However, we know that Ofsted are likely to look for evidence that you are complying with and following the updated 2022 version of KCSIE, so you may decide that it is better to air on the side of caution and undertake the online search – which is evidenced in writing.
Importantly, this only includes a search for information that is freely and publicly available, such as a google search.
How should you carry out the search?
Our advice is that the person conducting the search should not be directly involved in the recruitment process. This is because, having done the search, they may be privy to additional information about the candidate, such as their age, sexual orientation etc and therefore removing them from the process reduces the possibility of an argument (or inference) that any future decision on recruitment was based on any discriminatory factor.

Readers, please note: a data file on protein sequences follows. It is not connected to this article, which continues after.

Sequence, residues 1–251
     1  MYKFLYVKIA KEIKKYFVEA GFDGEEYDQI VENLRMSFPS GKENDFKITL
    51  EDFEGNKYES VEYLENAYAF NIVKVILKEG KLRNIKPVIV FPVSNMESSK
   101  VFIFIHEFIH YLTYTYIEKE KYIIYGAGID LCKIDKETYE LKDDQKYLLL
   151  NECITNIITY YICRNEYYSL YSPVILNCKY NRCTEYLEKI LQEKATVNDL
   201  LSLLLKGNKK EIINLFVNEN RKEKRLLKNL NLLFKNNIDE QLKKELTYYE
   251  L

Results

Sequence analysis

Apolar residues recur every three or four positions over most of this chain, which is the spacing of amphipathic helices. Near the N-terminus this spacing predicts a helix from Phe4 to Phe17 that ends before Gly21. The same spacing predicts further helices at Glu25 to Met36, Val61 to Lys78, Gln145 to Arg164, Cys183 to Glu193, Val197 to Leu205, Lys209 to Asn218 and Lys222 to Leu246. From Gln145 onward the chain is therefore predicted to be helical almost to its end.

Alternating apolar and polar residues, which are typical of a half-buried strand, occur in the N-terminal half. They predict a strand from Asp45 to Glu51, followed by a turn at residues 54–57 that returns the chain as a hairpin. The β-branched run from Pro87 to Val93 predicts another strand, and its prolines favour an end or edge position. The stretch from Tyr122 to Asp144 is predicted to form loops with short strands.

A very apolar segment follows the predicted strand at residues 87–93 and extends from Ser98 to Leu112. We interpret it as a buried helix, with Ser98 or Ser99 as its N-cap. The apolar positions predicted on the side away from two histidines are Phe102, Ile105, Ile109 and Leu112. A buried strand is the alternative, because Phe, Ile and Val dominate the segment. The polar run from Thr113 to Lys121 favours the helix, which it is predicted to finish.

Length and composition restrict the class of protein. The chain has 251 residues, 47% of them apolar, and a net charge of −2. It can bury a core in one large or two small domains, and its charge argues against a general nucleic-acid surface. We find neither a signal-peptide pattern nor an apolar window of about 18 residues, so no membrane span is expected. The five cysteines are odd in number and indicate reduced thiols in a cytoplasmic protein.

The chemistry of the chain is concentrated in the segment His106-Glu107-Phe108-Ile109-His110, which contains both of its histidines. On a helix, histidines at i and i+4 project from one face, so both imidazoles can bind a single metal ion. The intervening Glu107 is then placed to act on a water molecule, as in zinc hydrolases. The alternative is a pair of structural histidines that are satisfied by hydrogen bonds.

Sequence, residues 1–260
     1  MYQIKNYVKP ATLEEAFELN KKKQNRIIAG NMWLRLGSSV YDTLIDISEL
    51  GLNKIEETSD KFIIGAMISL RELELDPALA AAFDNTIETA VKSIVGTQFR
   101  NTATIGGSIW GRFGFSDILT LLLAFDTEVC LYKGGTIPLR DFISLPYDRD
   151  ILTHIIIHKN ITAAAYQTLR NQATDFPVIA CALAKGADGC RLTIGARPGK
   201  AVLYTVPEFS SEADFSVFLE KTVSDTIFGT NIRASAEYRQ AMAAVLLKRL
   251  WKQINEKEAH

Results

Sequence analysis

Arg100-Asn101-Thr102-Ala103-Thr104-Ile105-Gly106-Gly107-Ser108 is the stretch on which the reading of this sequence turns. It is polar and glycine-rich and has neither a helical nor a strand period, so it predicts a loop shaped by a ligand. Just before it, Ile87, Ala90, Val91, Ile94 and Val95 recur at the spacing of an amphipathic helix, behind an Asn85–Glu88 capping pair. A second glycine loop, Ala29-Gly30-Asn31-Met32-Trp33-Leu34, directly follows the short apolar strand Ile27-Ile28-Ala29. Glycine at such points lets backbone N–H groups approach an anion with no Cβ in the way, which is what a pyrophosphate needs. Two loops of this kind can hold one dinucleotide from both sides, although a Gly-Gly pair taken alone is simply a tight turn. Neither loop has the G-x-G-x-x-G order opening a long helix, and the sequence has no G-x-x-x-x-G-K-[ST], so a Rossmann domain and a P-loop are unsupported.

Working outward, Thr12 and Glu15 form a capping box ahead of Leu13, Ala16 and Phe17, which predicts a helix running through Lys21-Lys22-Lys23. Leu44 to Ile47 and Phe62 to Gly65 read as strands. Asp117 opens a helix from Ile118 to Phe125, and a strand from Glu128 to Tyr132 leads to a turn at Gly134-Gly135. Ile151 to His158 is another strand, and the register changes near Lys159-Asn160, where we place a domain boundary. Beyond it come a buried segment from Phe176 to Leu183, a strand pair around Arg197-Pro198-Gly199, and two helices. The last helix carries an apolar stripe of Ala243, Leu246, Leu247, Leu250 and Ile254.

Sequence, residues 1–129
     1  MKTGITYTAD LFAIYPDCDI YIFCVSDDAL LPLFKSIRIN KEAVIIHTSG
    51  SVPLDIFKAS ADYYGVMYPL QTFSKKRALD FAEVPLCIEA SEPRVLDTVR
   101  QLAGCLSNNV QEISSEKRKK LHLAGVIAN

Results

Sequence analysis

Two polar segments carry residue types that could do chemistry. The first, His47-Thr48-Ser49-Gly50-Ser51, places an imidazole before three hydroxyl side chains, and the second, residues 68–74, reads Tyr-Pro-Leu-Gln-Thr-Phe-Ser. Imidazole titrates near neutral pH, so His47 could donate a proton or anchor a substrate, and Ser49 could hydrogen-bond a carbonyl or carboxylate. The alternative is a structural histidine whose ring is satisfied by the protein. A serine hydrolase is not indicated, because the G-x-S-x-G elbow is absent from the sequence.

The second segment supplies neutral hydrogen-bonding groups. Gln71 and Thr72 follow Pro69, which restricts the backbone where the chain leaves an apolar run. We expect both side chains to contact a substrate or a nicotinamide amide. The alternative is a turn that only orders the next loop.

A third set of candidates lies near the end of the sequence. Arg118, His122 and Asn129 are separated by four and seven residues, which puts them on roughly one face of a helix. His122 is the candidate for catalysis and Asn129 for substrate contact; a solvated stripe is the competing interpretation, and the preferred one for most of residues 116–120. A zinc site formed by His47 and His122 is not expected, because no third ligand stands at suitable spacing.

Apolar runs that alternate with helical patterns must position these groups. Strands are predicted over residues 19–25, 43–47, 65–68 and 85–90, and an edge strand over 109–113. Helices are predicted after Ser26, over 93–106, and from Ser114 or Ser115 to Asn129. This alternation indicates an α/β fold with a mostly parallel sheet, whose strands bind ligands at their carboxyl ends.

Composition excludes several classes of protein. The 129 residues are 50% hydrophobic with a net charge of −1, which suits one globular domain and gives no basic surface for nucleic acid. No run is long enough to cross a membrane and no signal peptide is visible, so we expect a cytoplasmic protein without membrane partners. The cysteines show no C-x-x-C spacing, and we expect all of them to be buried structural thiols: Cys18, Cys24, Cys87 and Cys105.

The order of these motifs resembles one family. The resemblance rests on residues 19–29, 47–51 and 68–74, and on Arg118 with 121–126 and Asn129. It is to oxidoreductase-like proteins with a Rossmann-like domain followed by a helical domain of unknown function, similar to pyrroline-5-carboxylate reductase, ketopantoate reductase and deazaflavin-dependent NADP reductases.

In terms of the extent of the search, our view is that entering the applicant’s name into a search engine such as Google would satisfy this recommendation. We do not believe you need to trawl through someone’s historic social media profile without good reason.
To further reduce the risk of a claim that an individual has been unfairly treated or discriminated against, it would be sensible to adopt a consistent approach to all checks and record what searches were made and what you have found, (or recording that there were no concerns, as appropriate). Ofsted will undoubtedly want to see written evidence of the approach you have taken.